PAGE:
From luxury to heartache
The Far East Stand Fri 22 Sep 2017
Willy Caballero probably felt differently after watching his chance of a clean sheet on his Chelsea debut disappear, but it was hard to begrudge the Nottingham Forest fans their one bright moment in our Carabao Cup clash on Wednesday.
Four thousand of them followed their team to London for the third-round match but they had little to cheer for much of the evening as Antonio Conte’s much-changed side drilled five goals past goalkeeper Stephen Henderson.
However, with what was the last kick of the game, substitute Tendayi Darikwa shot past Caballero to spark some energetic celebrations behind the goal in the Shed End where the visiting supporters were gathered.
It may have been just a consolation goal for the Tricky Trees in a 5-1 defeat but for the Forest fans, it was a moment to savour and their cheers were an expression of relief, defiance and passion for their club after a difficult game and result, which they have become all too used to in recent seasons.
What they may not have realised was that Darikwa’s late goal actually averted the prospect of watching their team suffer their heaviest-ever defeat against Chelsea; instead we merely matched our 5-1 victory at the City Ground from August 1925.
To be fair, not too many Chelsea fans will remember that result either. Indeed, we would be more conscious of the heavy defeats which they inflicted on us – 6-0 in March 1979 and 7-0 in April 1991 (pictured below) at the City Ground, and 6-2 at the Bridge in September 1986.
All of those harrowing results happened in a glorious era for Forest when they were managed by the great Brian Clough and were firmly in the ascendency over the Blues for nearly two decades.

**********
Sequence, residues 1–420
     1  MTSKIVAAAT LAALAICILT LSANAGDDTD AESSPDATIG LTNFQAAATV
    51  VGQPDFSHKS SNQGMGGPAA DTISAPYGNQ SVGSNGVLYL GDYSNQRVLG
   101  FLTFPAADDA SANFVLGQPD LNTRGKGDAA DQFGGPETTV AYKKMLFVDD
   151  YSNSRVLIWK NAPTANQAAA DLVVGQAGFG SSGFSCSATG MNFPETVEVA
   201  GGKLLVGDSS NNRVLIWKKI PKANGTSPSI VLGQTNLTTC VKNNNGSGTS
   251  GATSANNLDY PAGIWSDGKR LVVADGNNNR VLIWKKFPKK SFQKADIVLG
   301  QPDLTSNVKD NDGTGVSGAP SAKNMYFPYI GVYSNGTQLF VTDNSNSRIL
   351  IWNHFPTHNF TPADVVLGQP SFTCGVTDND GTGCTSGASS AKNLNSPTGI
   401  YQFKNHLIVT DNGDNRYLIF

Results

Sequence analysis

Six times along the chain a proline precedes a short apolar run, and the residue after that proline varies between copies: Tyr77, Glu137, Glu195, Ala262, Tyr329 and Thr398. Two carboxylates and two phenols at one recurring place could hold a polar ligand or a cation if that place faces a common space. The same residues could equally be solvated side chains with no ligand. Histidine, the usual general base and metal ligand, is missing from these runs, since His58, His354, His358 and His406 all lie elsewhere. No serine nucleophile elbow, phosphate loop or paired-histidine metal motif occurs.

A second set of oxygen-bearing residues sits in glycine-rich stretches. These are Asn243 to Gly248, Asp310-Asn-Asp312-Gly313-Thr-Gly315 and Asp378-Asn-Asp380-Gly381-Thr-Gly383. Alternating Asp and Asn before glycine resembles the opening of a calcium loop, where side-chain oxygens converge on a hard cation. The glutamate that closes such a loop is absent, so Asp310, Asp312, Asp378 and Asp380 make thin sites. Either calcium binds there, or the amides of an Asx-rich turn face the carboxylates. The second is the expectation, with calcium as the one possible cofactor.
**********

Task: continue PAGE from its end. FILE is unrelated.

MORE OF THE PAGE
Both teams won promotion to the first division in 1976/77 but while Chelsea dropped back down again two seasons later, Forest went from strength to strength, winning the league title in 1978 and back-to-back European Cups in 1979 and 1980.
While Forest continued to collect trophies and regularly qualified for Europe during the 1980s, the Blues went without a major honour for 26 years, spending much of the time either in the lower half of the top flight or in the second division.
However, as our fortunes began to change for the better in the mid-1990s, their star began to fade as they suffered three relegations from the Premier League in seven seasons.
When we won ended our trophy drought by winning the FA Cup in 1997, they were relegated to the second tier. And when we ended our half-century wait for a league title in 2005, they dropped further down into League One.
They managed to get back into the Championship three years later but while they managed to qualify for the promotion play-offs on a couple of occasions, they have regularly finished in the bottom half in recent seasons. When we were winning the Premier League last season, they avoided relegation to League One on goal difference.
It is now 19 seasons and counting since they last played in the Premier League. While they made a bright start in the Championship this season, they have suffered three defeats in their last four games to drop to 10th, which suggests that their long exile from the top flight is not likely to end soon.
Forest fans could rightfully aggrieved but instead of being miserable and pining for the glory days, they showed their character at the Bridge, cheering on their team in a positive manner and getting some reward at the end when they got a consolation goal to celebrate.